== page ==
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Service members and civilian Department of Defense employees may find themselves in trouble if they don't know how to or choose not to comply with DoD information assurance and computer network use regulations.

Photo by Lance Cpl. Monica C. Erickson

G-6: Keeping the military safe one computer at a time

30 Jan 2009 | Lance Cpl. Monica C. Erickson

You still have an hour left at work with nothing to do, so you begin to search the internet to kill time.  Before you know it, your hour is up, so you shut down your computer and head home. But someone, somewhere is still hard at work, gaining access to your computer through the malicious spyware you inadvertently downloaded by visiting unsecured Web sites.

If you have access to training records or any other files that record Marines’ information on your computer, the hacker just got his hands on every social security number and any other piece of valuable personal information he can use to further his agenda.

The Combat Center’s G-6, the Communications Electronics Division, has been cracking down on Department of Defense employees aboard the base who disregard rules regulations about Navy and Marine Corps Intranet computer security.

“That is how the enemy is going to get a hold of us,” said Debra Cox, an information assurance officer for G-6.  “It’s like opening up a hole that allows hackers to get in.”

Shirley Russell, the IA manager, is responsible for ensuring every employee aboard the base has completed their annual IA training so they are aware of the dangers of misusing an NMCI computer.

“When they take the training they have to pay attention to what is being told,” said Russell, a Rushville, Ind., native. “It is very important for people to realize the risk they pose to the base.”

To find out who is misusing their privileges, the G-6 section aboard Marine Corps Base Quantico, Va., will run daily scans throughout the entire NMCI system, searching for illegal software, spyware, rogue machines and viruses. When they discover a computer that is out of regulation, they will send a ticket request to the NMCI employees who work aboard the base with the infected machine.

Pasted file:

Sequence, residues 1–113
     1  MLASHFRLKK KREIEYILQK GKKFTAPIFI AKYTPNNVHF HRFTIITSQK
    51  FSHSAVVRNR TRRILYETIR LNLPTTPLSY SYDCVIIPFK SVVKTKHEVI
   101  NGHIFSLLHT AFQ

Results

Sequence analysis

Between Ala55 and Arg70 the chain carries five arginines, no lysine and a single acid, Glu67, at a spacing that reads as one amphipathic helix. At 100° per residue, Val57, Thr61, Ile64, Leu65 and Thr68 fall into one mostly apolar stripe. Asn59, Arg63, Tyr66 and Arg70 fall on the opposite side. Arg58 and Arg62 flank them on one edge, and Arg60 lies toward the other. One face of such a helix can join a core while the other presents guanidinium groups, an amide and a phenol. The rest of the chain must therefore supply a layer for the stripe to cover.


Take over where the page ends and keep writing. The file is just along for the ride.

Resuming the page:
NMCI and G-6 personnel will then go together to confiscate the computer and search for what was found during the scan.

Aboard the Combat Center lately, there has been a rising number of computers that are being confiscated due to security issues, said Russell. One example of violations occurring recently is not only an IA violation, but also a security breach.

“We are looking for classified information on an unclassified machine,” said Russell. “It happens a lot when Marines get back from a deployment and all their information from the deployment is still on their laptop. They don’t realize that they are not allowed to carry that information on an unclassified machine.”

When classified information is found on an unclassified computer, G-6 personnel must report it through their chain of command at Quantico, which will initiate an investigation and determine if they have to declassify the information.

Russell explained that downgrading information is a long process. 

“We have to track the information back to the originator for [the originator] to determine if the information is still considered classified,” she said.

If the information cannot be downgraded, G-6 personnel must wipe the computer clean of all information before it is returned to its user.

DoD employees must also be aware of what is not allowed to be sent through NMCI e-mail accounts.

“Chainmail is definitely not allowed,” said Russell. “Chainmail is bogging down our network. We end up following the chainmail up the line to who originated it, and inform all the commands of who sent it out or who continued it.”

Rodney Wyss, another MCAGCC IA officer, also warns against opening attachments from unknown senders since they could be malicious spyware.

“These computers are supposed to be used for business or work related surfing only,” said Wyss. “Anything beyond that, they should not be doing it on their work computer.”

Wyss, a Beloit, Wis., native, also advises to pay attention to a Web site extension, even when surfing the internet for work-related information. A Web site extension is the last four digits of a web address. An example would be .gov. When accessing a Web site hosted by a foreign country, there will be a different extension, such as .com.jn, which would be from Japan.

“When someone doesn’t know what they are doing, they could very easily end up on a Web site hosted by China or some foreign country, which isn’t allowed,” he said. “If you’re not sure, ask a supervisor.”

For more information regarding information assurance, contact G-6 at 830-7141. The annual required training is located at our base Web site at, under the training tab. Service members must complete the DISA training, and civilians must complete the TWMS training.

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